The State Hornet

Art show breaks through the noise

Sac+State+professor+Andrew+Connelly+%28left%29+addresses+attendees+with+Crocker+Art+Museum+curator+and+Sac+State+professor+Diana+Daniels.+He+he+gave+an+hour-long+talk+about+the+project%27s+origins+followed+by+a+question+and+answer+session.++
Sac State professor Andrew Connelly (left) addresses attendees with Crocker Art Museum curator and Sac State professor Diana Daniels. He he gave an hour-long talk about the project's origins followed by a question and answer session.

Sac State professor Andrew Connelly (left) addresses attendees with Crocker Art Museum curator and Sac State professor Diana Daniels. He he gave an hour-long talk about the project's origins followed by a question and answer session.

Nick Minges - The State Hornet

Nick Minges - The State Hornet

Sac State professor Andrew Connelly (left) addresses attendees with Crocker Art Museum curator and Sac State professor Diana Daniels. He he gave an hour-long talk about the project's origins followed by a question and answer session.

Nick Minges

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Sacramento State professor Andrew Connelly spoke during the reception for “All Exaltations: Meditations in Sculpture” as the exhibit’s room filled to capacity Feb. 1, forcing attendees to listen and view from a livestream outside.

The reception was held in the Robert Else Gallery in Kadema Hall.

Spectators, many of them students of Connelly’s, sat cross legged around him while he gave an hour-long talk about the project’s origins followed by a question and answer session.

Connelly has been a professional artist since the early ‘90s and a teacher at Sac State since 2003. His work has been featured in museums and galleries around the country as well as in several magazines.

More recently, he’s been working in locations such as Chile, Mexico and Columbia with the artist collective ARTNAUTS, which is bring art to other regions of the world.

     RELATED: Art professor brings outside experience to campus exhibit

The sculptures themselves consisted of salvaged propane tanks which were repurposed as bells and topped with brightly colored symbols from around the world, which were projected onto the walls by small spotlights mounted to the ceiling.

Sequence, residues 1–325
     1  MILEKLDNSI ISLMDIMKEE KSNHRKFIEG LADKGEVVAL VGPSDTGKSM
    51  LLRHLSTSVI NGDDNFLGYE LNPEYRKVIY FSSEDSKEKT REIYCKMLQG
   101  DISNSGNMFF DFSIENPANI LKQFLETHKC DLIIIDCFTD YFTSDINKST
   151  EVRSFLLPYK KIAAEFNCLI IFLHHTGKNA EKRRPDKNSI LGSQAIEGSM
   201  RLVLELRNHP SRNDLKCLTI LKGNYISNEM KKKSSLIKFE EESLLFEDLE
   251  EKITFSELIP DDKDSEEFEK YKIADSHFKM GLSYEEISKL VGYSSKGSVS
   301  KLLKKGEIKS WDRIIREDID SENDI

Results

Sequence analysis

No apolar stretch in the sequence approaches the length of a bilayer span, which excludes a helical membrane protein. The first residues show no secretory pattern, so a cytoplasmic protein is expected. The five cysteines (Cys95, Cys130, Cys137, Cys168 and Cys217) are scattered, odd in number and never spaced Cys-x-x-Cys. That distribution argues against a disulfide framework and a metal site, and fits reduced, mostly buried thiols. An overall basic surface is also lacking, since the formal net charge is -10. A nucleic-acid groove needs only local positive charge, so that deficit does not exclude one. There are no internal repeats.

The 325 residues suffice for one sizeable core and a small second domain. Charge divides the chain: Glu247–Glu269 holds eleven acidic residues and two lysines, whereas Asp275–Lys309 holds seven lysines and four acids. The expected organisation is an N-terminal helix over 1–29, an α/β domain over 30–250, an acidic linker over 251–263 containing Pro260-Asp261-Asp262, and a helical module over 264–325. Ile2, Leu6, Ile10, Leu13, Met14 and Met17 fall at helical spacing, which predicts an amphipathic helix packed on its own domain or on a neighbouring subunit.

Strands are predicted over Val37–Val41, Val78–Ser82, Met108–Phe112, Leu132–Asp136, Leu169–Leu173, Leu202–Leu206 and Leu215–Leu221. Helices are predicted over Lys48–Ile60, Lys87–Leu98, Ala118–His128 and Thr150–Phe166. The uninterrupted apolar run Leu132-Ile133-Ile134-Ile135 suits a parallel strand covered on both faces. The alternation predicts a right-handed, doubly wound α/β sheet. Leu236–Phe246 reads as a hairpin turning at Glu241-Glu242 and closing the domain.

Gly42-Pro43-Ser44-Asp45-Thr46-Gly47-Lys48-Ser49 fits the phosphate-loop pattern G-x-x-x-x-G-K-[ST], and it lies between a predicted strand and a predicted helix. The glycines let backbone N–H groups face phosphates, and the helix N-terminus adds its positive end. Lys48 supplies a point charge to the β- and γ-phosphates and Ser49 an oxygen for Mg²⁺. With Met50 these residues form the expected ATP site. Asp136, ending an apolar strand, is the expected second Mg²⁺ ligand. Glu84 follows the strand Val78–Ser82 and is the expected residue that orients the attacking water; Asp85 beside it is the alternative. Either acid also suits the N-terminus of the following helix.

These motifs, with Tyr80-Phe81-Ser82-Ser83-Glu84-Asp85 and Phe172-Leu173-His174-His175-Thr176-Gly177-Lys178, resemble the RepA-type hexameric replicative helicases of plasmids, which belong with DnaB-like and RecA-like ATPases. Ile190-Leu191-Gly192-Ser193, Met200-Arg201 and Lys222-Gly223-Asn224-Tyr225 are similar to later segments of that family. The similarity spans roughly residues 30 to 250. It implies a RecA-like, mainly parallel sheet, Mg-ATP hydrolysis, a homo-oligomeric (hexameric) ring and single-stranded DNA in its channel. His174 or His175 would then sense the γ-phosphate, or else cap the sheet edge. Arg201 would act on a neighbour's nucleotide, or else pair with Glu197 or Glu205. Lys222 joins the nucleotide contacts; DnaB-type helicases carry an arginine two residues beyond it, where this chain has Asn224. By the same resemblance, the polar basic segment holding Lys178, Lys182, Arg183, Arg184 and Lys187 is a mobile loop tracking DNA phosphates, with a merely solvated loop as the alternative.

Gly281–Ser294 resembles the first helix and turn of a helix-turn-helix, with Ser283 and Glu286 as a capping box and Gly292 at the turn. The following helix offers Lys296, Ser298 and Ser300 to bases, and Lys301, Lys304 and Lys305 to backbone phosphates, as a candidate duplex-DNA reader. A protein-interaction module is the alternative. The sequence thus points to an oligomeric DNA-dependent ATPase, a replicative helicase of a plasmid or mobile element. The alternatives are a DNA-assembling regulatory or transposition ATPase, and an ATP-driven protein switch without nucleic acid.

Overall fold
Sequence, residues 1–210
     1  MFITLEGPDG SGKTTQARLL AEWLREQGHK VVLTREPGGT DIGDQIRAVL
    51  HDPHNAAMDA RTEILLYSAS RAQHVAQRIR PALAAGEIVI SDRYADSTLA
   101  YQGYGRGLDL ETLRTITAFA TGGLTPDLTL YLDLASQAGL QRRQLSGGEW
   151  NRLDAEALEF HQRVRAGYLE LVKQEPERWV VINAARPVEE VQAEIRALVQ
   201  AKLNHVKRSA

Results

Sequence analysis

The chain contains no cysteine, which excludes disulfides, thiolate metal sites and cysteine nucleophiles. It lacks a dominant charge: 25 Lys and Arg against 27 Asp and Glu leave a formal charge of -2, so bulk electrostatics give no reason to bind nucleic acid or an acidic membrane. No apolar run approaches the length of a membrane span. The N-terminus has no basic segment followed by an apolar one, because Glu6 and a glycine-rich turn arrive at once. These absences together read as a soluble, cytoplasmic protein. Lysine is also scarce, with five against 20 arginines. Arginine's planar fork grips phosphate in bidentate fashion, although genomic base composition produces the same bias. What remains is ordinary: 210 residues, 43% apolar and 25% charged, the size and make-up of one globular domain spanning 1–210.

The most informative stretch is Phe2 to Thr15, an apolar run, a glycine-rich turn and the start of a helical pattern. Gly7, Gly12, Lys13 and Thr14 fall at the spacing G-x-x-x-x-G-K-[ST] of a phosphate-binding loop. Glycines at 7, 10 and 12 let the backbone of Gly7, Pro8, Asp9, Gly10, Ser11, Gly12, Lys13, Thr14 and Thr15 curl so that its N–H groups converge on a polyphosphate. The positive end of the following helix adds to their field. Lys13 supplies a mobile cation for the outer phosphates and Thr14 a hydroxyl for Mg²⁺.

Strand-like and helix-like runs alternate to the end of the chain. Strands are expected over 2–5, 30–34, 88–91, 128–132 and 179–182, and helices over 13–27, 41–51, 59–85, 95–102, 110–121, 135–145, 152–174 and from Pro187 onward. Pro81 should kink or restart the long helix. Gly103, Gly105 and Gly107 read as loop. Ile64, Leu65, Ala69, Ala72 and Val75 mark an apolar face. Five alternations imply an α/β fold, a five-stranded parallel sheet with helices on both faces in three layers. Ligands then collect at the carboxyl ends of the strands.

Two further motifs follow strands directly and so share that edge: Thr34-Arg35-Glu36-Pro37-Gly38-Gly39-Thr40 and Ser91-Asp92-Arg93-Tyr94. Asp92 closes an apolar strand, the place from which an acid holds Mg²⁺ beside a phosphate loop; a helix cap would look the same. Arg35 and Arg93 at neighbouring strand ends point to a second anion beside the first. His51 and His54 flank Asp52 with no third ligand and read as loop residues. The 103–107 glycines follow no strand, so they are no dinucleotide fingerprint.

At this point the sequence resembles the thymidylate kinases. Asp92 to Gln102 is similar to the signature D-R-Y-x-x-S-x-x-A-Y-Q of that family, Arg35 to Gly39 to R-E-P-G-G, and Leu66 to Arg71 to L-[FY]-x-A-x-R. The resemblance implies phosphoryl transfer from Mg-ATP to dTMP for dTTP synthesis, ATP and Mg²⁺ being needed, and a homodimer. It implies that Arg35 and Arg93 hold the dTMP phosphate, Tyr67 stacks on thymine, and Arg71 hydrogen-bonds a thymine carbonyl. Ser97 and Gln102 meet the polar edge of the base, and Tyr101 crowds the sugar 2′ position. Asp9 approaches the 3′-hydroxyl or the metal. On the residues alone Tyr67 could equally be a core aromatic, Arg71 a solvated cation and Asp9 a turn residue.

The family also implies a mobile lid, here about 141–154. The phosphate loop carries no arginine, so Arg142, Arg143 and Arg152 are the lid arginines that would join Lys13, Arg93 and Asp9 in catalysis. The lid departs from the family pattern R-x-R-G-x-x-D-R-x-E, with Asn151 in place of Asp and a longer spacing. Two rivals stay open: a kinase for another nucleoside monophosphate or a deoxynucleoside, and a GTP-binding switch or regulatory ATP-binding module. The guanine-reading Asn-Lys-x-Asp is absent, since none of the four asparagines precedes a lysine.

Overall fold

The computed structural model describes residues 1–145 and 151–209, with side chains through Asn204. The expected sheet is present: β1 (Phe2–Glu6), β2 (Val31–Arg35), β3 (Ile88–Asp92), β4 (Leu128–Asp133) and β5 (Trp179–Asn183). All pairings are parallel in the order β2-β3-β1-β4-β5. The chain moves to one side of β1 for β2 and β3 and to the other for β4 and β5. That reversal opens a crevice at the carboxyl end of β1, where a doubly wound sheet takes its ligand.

Getting the sculptures off the ground, however, required some work.

“The tripods sucked,” Connelly said, recalling his attempt to raise the sculptures. “They weren’t stable enough.”

But the project expanded and took on greater meaning when he “started to go back to look at these pieces of architecture.”

He then decided to fix the bells atop scale models of iconic buildings from around the globe.

“Growing up on Long Island, I watched the World Trade Center go up,” he said. “I began with [it] and incorporated all these other cities.”

The new One World Trade Center, the successor to the twin towers, is also included in the set with each building modeled to scale.

Connelly was accompanied by Diana Daniels, a curator from The Crocker Art Museum who also teaches here at Sac State.

“The big moment for me is when we made [the bells] ring,” Daniels said.

She had initially harbored a latent concern about their appearance because they “looked like World War II munitions.”

But her first striking of the bells she says “calmed [her] unease.”

The bells have a deep and penetrating sound that sent vibrations outward with a meditative hum. Not coincidentally, bells of a similar nature have been used in eastern meditation rituals for ages. The sound “transforms a mindset,” said Daniels.

Connelly hints they may also be used in a musical collaboration in the future.

His aim, he said, was to “recreate what was going on in the ‘60s and ‘70s,” and the symbols atop the bells nod not only to world religions and cultures, but to space travel and cannabis use.

Art student Bliss Morton said that the ringing of the bells serves as a metaphor for the need for us in the modern world to “transcend the chaos,” as art student Bliss Morton puts it.

Connelly and Daniels spent time placing each sculpture to create a “feeling of relief.”

Percussion mallets hung from the sculptures and guests were encouraged to transcend as much chaos as they could. The ringing bells could be heard on campus long after dark.

Art Studio major Valerie Dacpano asked the artist if there was anywhere in the world that he wanted to put the pieces permanently, but Connelly just laughed and said, “nothing is permanent.”

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